Restoring Antique Wood Floors

Cushion edge end grain

Reclaimed Heart Pine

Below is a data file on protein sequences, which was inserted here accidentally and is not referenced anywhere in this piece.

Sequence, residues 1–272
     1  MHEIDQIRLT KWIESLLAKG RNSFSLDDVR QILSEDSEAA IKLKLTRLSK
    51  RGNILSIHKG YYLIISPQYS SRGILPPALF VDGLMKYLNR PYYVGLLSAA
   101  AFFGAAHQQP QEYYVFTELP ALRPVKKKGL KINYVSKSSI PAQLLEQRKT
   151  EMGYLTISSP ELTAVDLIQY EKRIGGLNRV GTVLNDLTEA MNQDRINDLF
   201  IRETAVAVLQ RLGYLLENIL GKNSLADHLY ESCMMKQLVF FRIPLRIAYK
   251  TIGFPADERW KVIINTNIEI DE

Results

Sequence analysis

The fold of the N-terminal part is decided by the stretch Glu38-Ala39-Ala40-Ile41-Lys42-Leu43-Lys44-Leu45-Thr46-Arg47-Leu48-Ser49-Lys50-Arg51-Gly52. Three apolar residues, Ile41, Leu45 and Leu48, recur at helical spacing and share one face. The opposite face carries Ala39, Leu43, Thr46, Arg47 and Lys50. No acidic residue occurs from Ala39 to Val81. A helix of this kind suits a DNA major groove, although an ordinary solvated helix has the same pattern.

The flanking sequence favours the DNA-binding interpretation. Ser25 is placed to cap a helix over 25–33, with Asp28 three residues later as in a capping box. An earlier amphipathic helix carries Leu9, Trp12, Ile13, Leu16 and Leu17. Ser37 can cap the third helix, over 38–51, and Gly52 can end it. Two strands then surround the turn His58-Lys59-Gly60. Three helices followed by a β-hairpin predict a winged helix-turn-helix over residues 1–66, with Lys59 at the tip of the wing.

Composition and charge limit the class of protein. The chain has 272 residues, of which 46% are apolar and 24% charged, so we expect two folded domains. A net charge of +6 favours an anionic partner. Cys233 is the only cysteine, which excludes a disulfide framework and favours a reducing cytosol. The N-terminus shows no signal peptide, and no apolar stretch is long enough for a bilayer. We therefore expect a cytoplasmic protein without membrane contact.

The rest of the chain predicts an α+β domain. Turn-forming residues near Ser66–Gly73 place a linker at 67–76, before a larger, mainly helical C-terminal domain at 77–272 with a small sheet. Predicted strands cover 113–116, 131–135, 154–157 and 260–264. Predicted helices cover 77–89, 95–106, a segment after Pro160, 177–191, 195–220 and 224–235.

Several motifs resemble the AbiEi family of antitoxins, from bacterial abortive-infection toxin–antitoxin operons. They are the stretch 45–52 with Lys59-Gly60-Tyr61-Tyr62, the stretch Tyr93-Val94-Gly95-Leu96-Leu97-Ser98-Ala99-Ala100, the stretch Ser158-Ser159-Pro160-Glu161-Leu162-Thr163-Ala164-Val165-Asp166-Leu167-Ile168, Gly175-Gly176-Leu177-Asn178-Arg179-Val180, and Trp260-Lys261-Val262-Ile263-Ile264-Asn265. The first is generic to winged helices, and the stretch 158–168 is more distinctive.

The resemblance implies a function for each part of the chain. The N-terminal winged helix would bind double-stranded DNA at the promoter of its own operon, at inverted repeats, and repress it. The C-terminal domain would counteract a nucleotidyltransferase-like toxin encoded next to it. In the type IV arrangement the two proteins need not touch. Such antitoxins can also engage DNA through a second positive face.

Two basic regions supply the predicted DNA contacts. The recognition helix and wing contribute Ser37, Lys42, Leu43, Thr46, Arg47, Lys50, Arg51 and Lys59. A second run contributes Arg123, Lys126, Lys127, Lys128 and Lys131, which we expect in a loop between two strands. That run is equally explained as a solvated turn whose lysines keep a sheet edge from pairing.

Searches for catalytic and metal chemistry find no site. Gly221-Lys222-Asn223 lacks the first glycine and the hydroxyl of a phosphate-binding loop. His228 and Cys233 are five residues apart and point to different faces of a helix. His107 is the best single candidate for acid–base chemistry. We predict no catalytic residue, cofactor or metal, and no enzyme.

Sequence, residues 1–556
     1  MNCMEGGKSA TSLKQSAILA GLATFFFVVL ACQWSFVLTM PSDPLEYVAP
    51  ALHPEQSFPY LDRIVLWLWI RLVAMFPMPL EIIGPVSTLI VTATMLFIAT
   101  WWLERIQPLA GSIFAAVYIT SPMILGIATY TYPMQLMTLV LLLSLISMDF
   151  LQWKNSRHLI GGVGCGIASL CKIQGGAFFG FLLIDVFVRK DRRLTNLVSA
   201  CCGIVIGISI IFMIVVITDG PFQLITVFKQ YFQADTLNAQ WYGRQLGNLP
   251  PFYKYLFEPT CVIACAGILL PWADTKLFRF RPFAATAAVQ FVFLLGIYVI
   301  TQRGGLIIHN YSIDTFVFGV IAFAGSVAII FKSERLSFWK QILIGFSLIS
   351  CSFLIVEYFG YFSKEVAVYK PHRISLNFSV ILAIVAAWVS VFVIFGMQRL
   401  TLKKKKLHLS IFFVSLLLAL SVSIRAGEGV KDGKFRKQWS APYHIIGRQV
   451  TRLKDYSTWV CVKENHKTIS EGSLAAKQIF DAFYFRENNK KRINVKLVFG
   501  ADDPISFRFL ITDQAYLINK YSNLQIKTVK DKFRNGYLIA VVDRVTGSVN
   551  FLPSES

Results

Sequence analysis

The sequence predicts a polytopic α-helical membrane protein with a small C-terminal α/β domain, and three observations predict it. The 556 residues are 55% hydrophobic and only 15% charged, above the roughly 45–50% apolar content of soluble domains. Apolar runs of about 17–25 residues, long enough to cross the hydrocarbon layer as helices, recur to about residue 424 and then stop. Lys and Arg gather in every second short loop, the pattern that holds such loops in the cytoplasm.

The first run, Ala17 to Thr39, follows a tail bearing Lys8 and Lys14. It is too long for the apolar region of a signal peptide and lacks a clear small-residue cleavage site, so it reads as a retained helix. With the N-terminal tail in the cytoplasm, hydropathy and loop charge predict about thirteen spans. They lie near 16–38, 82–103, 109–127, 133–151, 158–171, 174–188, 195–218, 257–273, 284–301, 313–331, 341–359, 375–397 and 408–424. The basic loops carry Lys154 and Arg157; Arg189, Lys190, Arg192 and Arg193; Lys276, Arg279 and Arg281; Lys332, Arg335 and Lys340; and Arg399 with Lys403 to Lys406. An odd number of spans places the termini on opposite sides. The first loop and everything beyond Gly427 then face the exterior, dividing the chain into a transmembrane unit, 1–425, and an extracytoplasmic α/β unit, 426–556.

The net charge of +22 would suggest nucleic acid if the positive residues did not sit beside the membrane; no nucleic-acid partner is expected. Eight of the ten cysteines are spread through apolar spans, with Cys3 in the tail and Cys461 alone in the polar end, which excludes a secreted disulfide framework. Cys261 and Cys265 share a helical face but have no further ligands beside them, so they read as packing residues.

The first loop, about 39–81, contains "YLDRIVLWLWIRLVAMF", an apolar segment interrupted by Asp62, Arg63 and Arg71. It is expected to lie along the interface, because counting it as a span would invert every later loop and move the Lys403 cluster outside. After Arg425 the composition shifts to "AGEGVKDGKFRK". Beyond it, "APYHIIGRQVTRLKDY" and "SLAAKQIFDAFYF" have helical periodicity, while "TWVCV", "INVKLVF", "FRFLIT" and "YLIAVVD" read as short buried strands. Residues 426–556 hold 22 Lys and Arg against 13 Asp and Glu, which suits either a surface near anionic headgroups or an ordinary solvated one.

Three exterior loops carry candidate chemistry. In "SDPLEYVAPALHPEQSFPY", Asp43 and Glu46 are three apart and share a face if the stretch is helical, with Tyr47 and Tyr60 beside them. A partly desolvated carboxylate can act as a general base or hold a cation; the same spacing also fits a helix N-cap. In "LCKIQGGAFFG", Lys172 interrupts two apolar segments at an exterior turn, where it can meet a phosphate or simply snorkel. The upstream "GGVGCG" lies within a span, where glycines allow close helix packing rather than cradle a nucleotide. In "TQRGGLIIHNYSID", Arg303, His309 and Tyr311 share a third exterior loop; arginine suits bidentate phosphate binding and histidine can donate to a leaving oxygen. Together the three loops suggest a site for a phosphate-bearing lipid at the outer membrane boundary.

We recently had an inquiry asking if more finish can be added to an old site finished floor to improve its appearance. This is what we used to call a buff and coat.  Recoating will not remove deep scratches or discoloration in the antique wood, but is a good choice in many cases where the finish is sound and not overly worn. The surface of the existing finish is abraded lightly to get it ready for additional finish.  If there are contaminates on the wood floor such as wax, dusting products, polish, etc. the new coat may not adhere in some spots and total resanding may be a better choice. The major water based finish manufacturers make pretreatment products which aid adhesion. The water based finishes are easy to use if you know what you are doing and are used by many professionals.  If you are doing the work yourself many first time attempts do not come out as well with these products. You might consider using a more traditional urethane floor finish with a slower drying time. Once you get everything cleaned up and ready two coats often looks better than one on an old floor. A finish with a low gloss level tends to help surface imperfections blend in. If you are not going to use water borne finish the old way to abrade it was to rub the surface with fine steel wool.  Go with the grain of the wood floor. It is a good idea to test the compatibility of the finish you are using with the existing finish in a small out of the way area before doing the whole floor.  Also the National Wood Flooring Association http://www.woodfloors.org/ has information on finishes and maintenance. Especially with antique wood, you can find small ways to improve any damage or discoloration that has happened over time, because much antique wood already carries natural imperfections!